The author introduces us to the major and even minor figures of each navy.  The British are led by Commodore James Yeo, a reticent but determined leader.  The Americans looked to Isaac Chauncey as the man who would defeat the vaunted British navy.  A cat and mouse war of nerves ensued as a variety of vessels attempted to lure their foes into difficult situations.  Jealousy and intrigue beset each side as the control of Lake Ontario will impact greatly on the conduct of the war.    Kingston, Ontario and Sacketts Harbor, New York grow into formidable naval  bastions.  The enemy's inablity to destroy either of these fortresses   would lead to a stalemate.  This result would actually ensure the continued existence of British North America.
This nonfiction tome will appeal to readers of naval fiction and nonfiction.  The descriptions of battle, blockades, chases and shipwrecks are absorbing and dramatic.  One soon realizes that the destruction of Kingston was an American goal and that the efforts to protect it prevented the successful invasion of Canada.  Although the war of the lakes ended in a draw, it was that kind of draw that helped spawn what we know as Canada.  Exciting history did not only occur in faraway places: some of it actually took place in our back yard.


This title is   available in Regular Print.



How the Light Gets In
By:  Louise Penny
Recommended by Marilyn

A four-day blizzard has left the village of Three Pines looking like a toy town sheltered under a snow globe.  But this secluded Canadian hamlet, tucked away in a valley deep in the mountains, contributes more than its picturesque setting to Louise Penny's latest mystery.
Chief Inspector Armand Gamache of the Sûreté du Québec, the honorable detective in this series, often visits the village just to let its eccentric but kindhearted residents restore his faith in humanity.  This time the inspector comes looking for something more - a safe haven.  Demoralized and increasingly isolated, Gamache is battling an unscrupulous superior.  "We've killed his career, his department.  We've killed his credibility and broken his spirit," gloats one of the man's conspirators.  But when the safety of two loyal friends is compromised by their undercover research into rampant police corruption, Gamache is able to spirit them away to Three Pines.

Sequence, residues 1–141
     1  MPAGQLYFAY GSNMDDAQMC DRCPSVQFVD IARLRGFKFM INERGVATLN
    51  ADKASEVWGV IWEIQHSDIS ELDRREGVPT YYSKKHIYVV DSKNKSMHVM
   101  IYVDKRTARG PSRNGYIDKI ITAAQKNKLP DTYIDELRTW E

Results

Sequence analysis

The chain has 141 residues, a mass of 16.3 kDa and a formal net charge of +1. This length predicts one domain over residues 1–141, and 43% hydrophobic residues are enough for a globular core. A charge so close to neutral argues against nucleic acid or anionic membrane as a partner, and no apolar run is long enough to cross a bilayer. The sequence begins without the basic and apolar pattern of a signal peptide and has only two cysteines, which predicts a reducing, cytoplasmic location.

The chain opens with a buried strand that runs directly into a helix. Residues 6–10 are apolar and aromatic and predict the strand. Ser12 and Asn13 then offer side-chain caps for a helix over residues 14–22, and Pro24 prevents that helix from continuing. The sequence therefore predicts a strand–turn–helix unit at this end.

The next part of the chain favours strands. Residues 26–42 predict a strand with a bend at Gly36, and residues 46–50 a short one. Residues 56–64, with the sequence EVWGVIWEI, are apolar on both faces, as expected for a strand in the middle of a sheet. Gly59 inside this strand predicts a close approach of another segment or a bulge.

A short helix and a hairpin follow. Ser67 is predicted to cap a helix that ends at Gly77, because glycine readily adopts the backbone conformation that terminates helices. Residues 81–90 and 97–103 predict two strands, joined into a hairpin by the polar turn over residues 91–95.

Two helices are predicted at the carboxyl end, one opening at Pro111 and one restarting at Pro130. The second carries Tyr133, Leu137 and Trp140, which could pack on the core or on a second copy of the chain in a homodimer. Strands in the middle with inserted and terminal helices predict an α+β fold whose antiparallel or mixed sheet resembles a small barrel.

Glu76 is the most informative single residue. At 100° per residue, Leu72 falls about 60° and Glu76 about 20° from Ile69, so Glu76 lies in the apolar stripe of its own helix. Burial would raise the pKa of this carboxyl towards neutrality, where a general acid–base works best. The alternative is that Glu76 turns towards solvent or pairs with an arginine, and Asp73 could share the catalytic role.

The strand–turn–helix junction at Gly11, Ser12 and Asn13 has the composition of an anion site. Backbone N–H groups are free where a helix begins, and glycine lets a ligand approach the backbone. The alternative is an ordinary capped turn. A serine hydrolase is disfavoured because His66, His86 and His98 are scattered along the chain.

"There remained pockets of Québec where phones were still attached to the walls," we're told.  Since Three Pines occupies one of these zones, where cellphones and laptops go dead, it's almost invisible in the deep darkness of the heavily forested mountains.  But the only way to thwart the dastardly schemes (to dastardly for credibility) of that monstrous villain (too monstrous to be true) is to set up a satellite link to the outside world.  How can Gamache ask dear friends like Myrna Landers, who owns the bookstore, and Gabri and Olivier, the gay couple who operate the B&B, to assist in the ruination of their village?
Once met, the delightfully quirky inhabitants of Three Pines are the kind of people you can't wait to see again, and the characters Gamache imports from   Montreal are peculiar enough to fit right in with the locals.  But they all seem better suited to the modestly scaled subplot about the murder of a friend of Myrna's, the last of five world-famous sisters, much like the Dionne quintuplets, who became symbols of hope to a nation struggling to survive the Depression.

This title is available in Regular Print, Large Print, Book on   CD and Downloadable AudioBook formats. 
Review is from "New York Times Book Review".





Jack the Giant Slayer (DVD)
Recommended by Kathy